My Aunt Kathie was diagnosed with Ovarian Cancer in 1993. She was 47 years old. I remember going to the hospital and visiting her. I even remember buying a troll nurse doll. I wasn’t allowed to see her, but my mom brought me in her room anyway.
After being in the hospital for about two months, Jenn finally returned home two days before Christmas, not making for a great holiday, but definitely a hopeful one. These days she receives chemotherapy every three weeks at Sloan-Kettering Memorial in New York City and just recently got test results showing she is free of cancer. Although this story does not include death or life long suffering, this isn't the case for everyone. This experience has altered my life and the lives of family, friends, and a great deal of our community, raising awareness of the fact that we need to find a cure for people who are going to suffer everyday for the rest of their lives. Peo... ... middle of paper ... ...s to make better progress.
No one wanted to face the fact the she had to go through this. As my sister and I told my grandma, “good luck” and reassured her everything would be okay, we all new how dangerous this surgery was. My grandmother was operated on in Roswell Park Cancer Institute, the doctor said she would be fine, but as time went on we found out that she wasn’t going to be fine. The day of the surgery, I came home from school to hear that something had happened during surgery. The doctor told my family that my grandmother had become septic which forced a second surgery and a move to the intensive care unit (ICU) for three weeks, where she had to be put on life support.
Rebecca Perl, from Maryland, has been diagnosed with non-Hodgkin's lymphoma in 1995. Rebecca has a two year old son and she is a health science reporter. Her body has not responded to the last six months of radiation and chemotherapy. Rebecca and her husband Tom are going to Omaha, Nebraska. At the University of Nebraska Medical Center Rebecca will receive a bone marrow transplant and a round of chemotherapy(Perl,1995).
She soon died of cervical cancer in 1951. The source delves into the injustice that was done with Mrs.Lacks it says Not all of Henrietta Lacks died that day. She unknowingly left behind a piece of her that still lives today—it’s called the HeLa cell. Her cells were taken and used for medical research without her consent. And for more than 20 years after her death Henrietta’s family would learn how science retrieved her cells and of her enormous contribution to medicine and to human life.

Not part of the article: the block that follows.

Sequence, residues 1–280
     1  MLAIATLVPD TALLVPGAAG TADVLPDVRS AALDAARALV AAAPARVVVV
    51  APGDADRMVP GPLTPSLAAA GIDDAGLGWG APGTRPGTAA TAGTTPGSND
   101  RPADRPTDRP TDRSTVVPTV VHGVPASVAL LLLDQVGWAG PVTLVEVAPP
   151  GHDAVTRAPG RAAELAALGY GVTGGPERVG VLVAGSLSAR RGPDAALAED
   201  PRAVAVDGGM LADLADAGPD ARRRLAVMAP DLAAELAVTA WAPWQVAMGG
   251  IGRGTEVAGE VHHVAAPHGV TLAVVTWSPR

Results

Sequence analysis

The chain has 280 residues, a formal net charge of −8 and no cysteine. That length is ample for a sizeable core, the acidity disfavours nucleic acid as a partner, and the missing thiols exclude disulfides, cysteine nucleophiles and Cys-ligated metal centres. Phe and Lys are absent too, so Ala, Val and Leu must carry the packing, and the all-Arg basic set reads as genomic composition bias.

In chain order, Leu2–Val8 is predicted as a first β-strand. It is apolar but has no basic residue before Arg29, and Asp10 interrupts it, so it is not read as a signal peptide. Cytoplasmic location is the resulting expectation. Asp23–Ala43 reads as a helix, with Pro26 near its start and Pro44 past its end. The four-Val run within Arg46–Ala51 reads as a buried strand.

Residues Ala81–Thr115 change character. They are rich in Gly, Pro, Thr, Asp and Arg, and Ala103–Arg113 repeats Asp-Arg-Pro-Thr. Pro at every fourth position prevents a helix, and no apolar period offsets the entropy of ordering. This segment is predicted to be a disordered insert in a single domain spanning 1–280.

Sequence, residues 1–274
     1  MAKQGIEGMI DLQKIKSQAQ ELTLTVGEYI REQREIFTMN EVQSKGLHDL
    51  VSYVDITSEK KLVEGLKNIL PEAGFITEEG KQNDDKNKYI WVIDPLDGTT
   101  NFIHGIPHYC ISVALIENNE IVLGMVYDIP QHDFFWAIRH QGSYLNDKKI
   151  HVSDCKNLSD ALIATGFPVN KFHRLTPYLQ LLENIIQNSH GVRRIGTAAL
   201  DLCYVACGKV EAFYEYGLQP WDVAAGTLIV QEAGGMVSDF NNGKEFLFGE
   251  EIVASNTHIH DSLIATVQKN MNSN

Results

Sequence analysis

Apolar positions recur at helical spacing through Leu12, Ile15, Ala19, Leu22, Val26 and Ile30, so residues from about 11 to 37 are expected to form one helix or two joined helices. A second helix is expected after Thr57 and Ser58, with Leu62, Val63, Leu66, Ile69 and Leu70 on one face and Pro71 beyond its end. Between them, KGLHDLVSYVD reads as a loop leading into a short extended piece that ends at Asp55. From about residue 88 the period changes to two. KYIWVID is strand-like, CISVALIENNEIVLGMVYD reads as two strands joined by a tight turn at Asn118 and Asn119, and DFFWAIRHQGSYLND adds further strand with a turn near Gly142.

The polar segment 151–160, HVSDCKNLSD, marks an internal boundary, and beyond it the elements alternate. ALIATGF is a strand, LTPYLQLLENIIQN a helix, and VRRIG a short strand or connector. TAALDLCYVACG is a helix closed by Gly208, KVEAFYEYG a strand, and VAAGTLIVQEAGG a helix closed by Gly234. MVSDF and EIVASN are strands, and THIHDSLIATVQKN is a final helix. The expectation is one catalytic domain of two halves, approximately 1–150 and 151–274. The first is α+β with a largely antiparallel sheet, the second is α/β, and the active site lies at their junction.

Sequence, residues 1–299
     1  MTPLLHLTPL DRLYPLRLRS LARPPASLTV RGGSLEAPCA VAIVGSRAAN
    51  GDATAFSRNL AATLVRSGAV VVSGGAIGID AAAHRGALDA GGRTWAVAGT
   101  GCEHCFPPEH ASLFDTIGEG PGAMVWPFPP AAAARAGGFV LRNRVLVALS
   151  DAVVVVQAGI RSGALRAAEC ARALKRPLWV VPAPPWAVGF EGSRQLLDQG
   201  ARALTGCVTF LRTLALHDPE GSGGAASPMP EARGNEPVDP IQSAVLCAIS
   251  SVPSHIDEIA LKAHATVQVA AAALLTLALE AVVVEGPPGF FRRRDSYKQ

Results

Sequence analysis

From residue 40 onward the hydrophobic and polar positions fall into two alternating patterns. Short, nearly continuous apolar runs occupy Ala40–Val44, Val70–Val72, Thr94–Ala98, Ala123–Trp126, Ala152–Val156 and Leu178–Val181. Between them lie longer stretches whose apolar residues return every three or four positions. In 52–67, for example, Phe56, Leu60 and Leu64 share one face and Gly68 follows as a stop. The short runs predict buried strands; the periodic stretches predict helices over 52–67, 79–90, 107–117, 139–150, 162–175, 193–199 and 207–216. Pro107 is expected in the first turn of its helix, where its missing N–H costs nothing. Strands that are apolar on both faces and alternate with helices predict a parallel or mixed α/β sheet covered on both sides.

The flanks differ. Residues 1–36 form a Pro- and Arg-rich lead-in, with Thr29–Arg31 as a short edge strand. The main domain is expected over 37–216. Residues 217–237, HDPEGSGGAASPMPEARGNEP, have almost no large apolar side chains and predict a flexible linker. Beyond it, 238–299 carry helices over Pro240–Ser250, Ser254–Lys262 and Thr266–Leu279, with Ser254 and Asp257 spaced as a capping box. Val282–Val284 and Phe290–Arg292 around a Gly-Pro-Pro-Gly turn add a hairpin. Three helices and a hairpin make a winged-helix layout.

With family support, she went through intense chemotherapy treatment, where she responded positively, and was cancer free for four years. But during a regular screening last year, the doctors found another cancerous tumor affecting her left side breast. For all of us as a family, the news was a shock, because we all thought that it will not re-occur again. She started the fighting journey again, and until this date she is going through treatment, and with our support we hope that she defeats this illness. This experience I went through made me question the effectiveness of chemotherapy used to treat cancer, the pharmacology of the drugs used, and how we ca... ... middle of paper ... ...alysis methods.
Based on her progress, doctors predicted that she had less than two years to live. During the initial steps of her treatment she was prescribed medications such as Nolvadex, which helps treat invasive breast cancer. As months passed, my grandmother grew weaker, thinner, and the cancer has metastasized to her brain as well. Five years later, she was switched to the hormone therapy drug Aromacin. Although there are currently no known cures for metastatic breast cancer, the hormone therapy allowed her to continue fighting her battle against cancer.
She is in her late thirties to early forties when she has her last child and shortly after the baby is born she goes in for a mammogram and it turns out to be not what she expected. Breast cancer is not something that you know is there, it comes out of nowhere and it is not pai... ... middle of paper ... ....gov. Retrieved March 31, 2014, from www.cancer.gov/cancertopics/understandingcancer/environment/AllPages. N.A. Breast Cancer: Predicting Individual Risk.
I want to achieve the goal of becoming a doctor to make an impact on others’ life and give back to the community, by helping kids and adults achieve a long lasting life. Charity is the voluntary giving of help. Being a doctor to me is giving b... ... middle of paper ... ...ght my dad brought me home and he left to go watch over my mom in the hospital. I explain the situation to all of my sibling I remember my younger sister crying and my baby sister asking: “where is mom? Is mommy going to come home?” Finally three weeks after she was feeling better, i still remember the doctor making a statement before I left the hospital.
The doctor told the mother, the chemotherapy was not attacking the cancer cells and the cancer was spreading and growing. The patient had about two more weeks of life. The mother decided to opt out of treatment and take the child home to spend the remaining days. When the mother walked in the room, the patient asked what the doctor had said. The mother replied, “We are going home, you are cancer free!” The patient was ecstatic.